BONE PARISH #1 / Writer: Cullen Bunn / Art: Jonas Scharf / Color Artist: Alex Guimaraes / Letterer: Ed Dukeshire / Cover Art: Lee Garbett / Publisher: Boom Studios / 25th July 2018
Each time a new indie title written by Cullen Bunn appears I instantly know I’ll be hooked. Bunn is a master when it comes to opening issues, giving you an almost seamless story insight, as well as perfect character introductions. Bone Parish stays true to both those statements.
The opening of Bone Parish #1 could be any town or city on a weekend evening. Intoxicated on some new form of a hallucinogenic drug, we see a partygoer high as a kite, experiencing a rock stars onstage performance. This is quickly followed by a drug deal of said hallucinogen, explaining how you should only take small doses at first for conditioning. If not, then the worst trip possible could take you to “hell house”. Scharf and Guimaraes’s art and colours really hit the mark on the first few pages (and the book). Bright, dreamy colours during the first hallucinogenic trip, followed by dark, shadowy tones which you would expect with any drug deal in an alleyway.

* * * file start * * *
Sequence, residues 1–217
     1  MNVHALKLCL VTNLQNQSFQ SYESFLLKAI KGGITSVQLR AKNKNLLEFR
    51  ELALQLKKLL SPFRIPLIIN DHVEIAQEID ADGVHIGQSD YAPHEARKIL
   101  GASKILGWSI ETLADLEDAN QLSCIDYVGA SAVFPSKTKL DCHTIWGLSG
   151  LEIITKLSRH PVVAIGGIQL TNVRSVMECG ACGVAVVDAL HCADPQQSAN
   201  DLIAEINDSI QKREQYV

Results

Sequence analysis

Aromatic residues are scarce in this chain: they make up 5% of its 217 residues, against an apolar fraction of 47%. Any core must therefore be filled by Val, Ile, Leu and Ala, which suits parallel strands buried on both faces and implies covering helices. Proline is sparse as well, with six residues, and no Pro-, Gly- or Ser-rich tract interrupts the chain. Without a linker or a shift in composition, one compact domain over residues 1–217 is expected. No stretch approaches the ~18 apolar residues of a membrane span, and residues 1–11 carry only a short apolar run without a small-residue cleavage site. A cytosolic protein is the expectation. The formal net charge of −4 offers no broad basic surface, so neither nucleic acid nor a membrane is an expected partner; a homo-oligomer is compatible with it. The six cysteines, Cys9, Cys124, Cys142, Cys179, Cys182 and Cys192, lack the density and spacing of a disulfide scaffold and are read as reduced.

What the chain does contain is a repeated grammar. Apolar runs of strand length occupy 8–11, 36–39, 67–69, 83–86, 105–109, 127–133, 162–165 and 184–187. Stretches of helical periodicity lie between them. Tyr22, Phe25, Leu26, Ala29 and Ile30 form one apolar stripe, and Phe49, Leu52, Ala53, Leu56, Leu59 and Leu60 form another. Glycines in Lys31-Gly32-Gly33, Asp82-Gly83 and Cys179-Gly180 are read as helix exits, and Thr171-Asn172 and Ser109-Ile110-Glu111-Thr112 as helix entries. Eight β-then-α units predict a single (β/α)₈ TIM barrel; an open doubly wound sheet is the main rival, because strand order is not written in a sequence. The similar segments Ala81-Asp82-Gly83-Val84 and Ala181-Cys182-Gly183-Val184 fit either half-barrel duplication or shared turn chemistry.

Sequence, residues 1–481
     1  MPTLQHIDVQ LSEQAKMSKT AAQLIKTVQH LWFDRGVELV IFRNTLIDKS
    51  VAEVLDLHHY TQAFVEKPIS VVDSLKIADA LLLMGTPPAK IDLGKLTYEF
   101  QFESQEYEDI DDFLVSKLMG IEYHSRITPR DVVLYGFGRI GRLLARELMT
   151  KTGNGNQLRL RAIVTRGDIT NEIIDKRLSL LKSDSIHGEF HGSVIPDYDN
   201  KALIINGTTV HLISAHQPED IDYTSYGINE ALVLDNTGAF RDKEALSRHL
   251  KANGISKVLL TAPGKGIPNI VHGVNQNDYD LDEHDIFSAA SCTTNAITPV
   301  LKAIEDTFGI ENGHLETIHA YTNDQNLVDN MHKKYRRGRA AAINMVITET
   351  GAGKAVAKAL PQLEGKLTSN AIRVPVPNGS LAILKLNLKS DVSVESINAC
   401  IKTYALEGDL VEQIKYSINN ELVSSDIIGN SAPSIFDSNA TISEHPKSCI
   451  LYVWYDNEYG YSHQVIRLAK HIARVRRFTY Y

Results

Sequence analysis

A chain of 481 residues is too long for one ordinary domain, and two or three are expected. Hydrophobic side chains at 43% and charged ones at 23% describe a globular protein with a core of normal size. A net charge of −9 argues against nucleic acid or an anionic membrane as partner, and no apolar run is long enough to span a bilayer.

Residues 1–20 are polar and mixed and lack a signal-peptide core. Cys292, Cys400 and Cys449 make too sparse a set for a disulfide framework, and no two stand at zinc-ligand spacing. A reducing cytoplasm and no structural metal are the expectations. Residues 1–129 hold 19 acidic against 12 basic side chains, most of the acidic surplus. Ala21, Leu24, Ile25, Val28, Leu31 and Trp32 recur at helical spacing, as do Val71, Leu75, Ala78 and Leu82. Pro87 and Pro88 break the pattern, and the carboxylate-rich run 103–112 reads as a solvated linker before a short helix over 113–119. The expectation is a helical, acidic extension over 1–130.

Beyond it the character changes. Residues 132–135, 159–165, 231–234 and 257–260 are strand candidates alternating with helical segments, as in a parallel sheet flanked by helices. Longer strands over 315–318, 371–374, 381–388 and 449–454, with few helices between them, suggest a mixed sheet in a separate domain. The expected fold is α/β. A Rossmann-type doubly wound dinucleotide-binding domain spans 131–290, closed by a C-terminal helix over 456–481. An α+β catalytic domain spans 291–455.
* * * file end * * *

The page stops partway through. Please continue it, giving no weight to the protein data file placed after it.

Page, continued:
Bunn then does what he does best, character and story introduction. Within 6 – 8 pages the principal group of protagonists have been flawlessly presented and the seeds of the overarching story have been firmly planted. With this quick but incredibly detailed story introduction, Bunn is then able to flesh out characters late on in the issue.
Character focus is mainly on the group who are behind this niche product. A small but close-knit family, who deal with everything from production and supply to grave robbing…. Yes, grave robbing. This is one hell of a family enterprise.
Once word starts spreading about this new hallucinogenic drug, bigger operations come calling- those with dire warnings of what could follow. Employee issues, cash problems or unable to keep up with the demand. Buy-outs? Power struggles? Who knows what Bunn has planned in future issues but I for one will be continuing to pick this title up.
At the comic standard of around 23 pages, this opening issue moves at some impressive pace. But like I said before, Bunn is a master at his art. He grabs your attention from the start and then dropps one hell of a twist on the last few pages. As is with all of Bunn’s indie horror work, he leaves you on a cliff edge and wanting that next issue in your hands immediately.
VERDICT: 4 rotten corpses out of 5